The point here is that in spite of all of these advantages – much lighter weight, much less engine and much more in the way of technology, including an engine management system that micromanages fuel/spark and every other parameter to maximize the MPGs – the 45-years-newer car only manages to deliver about 10 miles-per-gallon better than a literal antique car without any of those advantages.
It makes one wonder what a car such as the Trans-Am might be capable of if it had some of those advantages – and not even all the way. For example, a basic fuel injection system such as those that can be easily retrofitted to old cars like mine. Not direct injection like the Veloster’s – which is a hugely complex system that would require redesigning the old Pontiac’s engine in order to install it. Just a simple, bolt-on throttle body-type system.
The MPG difference would likely decrease to about 8 miles-per-gallon and maybe even less.
Which makes one wonder why new cars like the Veloster use so much gas – relative to the gas used by old gas guzzlers like my Trans-Am.
The answer isn’t mysterious. It’s physics.
My Trans-Am’s engine makes horsepower the old-fashioned way, via displacement. Originally, it made just 200 horsepower. I made some upgrades – a performance camshaft being the major difference – that increased its output to around 275 and perhaps even 300 horsepower, which just happens to be about the same as the Veloster N’s 2.0 liter turbocharged engine makes.
In order for a small engine like the Veloster’s to make the power of a big engine, its effective displacement must be made comparable to that of a physically larger-displacement engine. My Trans-Am’s big-displacement V8 can draw in a lot of air – and there is a lot of room inside its coffee-can-sized cylinders. The Veloster’s little four is force-fed air, which is stuffed into its much smaller cylinders via the pressure of 20-something pounds of turbocharged boost.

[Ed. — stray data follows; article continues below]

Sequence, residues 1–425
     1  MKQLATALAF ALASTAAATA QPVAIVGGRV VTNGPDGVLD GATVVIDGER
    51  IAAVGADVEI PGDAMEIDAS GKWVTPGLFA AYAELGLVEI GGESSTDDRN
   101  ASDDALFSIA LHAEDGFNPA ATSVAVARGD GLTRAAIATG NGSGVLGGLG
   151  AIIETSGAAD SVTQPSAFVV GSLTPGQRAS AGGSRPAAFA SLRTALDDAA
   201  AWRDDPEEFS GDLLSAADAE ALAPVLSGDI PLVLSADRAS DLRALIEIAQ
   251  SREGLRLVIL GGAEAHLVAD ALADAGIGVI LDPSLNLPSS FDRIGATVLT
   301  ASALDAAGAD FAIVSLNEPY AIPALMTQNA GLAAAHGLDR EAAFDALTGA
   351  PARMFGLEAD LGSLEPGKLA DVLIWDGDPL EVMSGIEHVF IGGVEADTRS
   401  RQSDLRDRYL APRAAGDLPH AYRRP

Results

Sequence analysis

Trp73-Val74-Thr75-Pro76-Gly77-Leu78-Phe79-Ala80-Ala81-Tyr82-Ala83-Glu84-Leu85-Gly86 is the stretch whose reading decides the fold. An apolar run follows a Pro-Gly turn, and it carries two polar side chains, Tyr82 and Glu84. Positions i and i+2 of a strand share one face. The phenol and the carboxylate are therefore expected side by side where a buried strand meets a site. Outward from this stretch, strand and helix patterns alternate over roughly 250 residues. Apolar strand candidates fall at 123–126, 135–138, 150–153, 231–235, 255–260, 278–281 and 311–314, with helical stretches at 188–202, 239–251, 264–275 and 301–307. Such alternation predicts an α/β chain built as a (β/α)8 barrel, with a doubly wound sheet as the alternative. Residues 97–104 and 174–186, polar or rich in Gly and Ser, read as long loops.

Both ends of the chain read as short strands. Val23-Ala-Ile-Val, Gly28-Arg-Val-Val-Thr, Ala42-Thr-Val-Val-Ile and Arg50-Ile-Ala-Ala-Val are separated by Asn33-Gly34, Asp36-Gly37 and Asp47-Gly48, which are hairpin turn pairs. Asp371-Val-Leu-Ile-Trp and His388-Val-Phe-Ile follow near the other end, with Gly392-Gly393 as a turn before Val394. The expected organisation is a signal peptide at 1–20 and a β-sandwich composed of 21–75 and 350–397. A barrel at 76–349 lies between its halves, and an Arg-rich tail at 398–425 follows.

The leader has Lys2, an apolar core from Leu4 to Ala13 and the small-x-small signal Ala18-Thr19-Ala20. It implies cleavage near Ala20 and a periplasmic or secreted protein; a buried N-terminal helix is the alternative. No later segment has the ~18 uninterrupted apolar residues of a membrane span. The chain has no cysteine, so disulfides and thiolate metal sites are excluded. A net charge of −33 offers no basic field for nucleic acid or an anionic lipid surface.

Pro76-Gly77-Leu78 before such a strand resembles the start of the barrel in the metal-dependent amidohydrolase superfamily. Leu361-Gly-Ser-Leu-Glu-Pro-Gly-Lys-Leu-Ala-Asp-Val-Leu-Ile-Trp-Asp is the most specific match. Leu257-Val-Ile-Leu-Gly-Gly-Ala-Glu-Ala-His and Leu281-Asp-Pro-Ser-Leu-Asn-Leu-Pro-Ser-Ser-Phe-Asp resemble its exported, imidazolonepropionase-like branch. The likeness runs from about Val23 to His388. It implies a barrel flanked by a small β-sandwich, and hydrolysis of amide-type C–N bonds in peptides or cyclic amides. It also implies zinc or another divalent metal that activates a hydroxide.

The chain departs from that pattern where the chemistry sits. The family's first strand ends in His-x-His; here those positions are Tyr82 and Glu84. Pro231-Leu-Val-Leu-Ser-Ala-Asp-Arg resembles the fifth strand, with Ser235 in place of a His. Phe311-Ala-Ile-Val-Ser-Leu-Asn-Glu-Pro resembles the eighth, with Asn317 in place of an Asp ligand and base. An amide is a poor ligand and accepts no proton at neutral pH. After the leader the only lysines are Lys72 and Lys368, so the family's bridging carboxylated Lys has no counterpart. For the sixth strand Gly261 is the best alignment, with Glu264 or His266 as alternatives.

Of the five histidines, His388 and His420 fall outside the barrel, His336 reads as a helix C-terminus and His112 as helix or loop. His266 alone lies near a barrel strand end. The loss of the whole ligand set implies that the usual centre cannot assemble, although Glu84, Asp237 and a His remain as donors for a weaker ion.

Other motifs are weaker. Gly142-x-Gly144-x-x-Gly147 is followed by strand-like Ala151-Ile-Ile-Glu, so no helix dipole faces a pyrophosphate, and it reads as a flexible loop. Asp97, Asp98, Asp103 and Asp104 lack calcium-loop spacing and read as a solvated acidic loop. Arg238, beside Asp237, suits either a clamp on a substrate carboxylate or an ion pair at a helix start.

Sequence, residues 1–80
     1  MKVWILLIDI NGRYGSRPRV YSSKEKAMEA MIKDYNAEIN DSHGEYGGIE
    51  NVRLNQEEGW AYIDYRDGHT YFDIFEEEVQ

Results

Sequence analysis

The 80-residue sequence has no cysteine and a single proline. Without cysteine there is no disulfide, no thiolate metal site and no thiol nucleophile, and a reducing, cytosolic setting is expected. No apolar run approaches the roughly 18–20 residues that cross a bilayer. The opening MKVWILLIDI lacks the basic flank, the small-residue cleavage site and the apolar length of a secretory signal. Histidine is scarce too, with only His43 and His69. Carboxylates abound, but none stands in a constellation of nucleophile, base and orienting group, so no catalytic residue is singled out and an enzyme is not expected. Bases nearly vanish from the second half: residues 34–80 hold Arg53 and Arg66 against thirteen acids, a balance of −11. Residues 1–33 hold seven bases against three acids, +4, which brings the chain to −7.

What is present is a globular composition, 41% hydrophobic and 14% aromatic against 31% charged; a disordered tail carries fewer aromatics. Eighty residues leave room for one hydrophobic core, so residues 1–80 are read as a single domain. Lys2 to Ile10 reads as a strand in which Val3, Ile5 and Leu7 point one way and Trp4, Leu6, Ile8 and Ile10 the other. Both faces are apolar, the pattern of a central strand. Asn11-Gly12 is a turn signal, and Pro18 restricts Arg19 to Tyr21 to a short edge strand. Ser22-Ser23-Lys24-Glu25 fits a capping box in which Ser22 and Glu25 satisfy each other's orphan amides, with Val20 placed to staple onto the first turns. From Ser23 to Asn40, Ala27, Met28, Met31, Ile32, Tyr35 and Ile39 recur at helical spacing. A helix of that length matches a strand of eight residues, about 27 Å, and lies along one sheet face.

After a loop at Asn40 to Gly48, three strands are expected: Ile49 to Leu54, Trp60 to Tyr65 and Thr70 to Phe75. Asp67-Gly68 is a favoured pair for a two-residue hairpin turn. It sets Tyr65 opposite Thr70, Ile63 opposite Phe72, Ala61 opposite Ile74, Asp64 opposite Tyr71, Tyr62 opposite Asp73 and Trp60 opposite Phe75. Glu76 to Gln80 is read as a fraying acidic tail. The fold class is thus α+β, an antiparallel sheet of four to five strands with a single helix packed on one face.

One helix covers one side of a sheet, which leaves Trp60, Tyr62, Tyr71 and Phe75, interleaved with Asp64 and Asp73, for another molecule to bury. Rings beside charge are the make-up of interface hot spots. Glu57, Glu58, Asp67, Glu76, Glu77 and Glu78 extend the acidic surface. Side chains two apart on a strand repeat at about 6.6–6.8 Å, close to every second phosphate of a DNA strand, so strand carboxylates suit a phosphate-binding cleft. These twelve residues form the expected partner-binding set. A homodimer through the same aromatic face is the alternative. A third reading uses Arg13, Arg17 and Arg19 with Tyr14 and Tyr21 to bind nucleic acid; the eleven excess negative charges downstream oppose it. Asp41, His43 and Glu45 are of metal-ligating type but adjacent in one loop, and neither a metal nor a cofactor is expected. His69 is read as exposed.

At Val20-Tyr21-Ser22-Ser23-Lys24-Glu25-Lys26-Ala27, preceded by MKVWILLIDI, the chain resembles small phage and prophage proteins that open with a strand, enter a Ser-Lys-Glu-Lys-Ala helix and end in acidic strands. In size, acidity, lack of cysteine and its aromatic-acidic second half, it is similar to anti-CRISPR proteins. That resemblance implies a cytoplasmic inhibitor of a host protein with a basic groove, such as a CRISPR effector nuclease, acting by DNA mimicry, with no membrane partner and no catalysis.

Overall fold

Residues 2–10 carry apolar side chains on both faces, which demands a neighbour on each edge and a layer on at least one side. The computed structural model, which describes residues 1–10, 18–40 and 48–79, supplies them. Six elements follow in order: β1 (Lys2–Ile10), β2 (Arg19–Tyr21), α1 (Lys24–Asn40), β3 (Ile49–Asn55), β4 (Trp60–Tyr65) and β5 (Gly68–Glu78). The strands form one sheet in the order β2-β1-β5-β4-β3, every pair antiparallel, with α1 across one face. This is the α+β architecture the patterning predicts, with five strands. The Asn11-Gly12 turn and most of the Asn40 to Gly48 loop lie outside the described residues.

This makes them bigger – or rather, it enables them to take in more air (and fuel).
No matter how you make your horsepower, in other words, it takes the same energy (fuel and air) to make it.
Hypothetically, the turbocharged little engine can deliver more than a 10 MPG difference vs. a much bigger engine like my Trans-Am’s engine, which is always a big-displacement engine.
The Veloster can get as much as 33 or so MPGs on the highway – provided it’s not on boost. But that requires a light foot. As soon as you dial up the boost, down go the MPGs. Which means the mileage potential is more hypothetical than actual. The Trans-Am’s guzzling is more honest in this respect.
It is also more relaxed.
That big engine doesn’t have to work as hard to make horsepower and it is without question under a lot less pressure – literally. Its pistons, connecting rods, bearings and so on aren’t being stressed nearly as much – and not just because they aren’t under as much pressure. The smaller engine’s smaller parts have less material – including surface area – to absorb all of the stress imparted by all that boost.
My Trans-Am’s engine has had one rebuild in 45 years. How will these heavily turbocharged engines fare over the next 45 years?
One wonders whether any real gains have been made.
. . .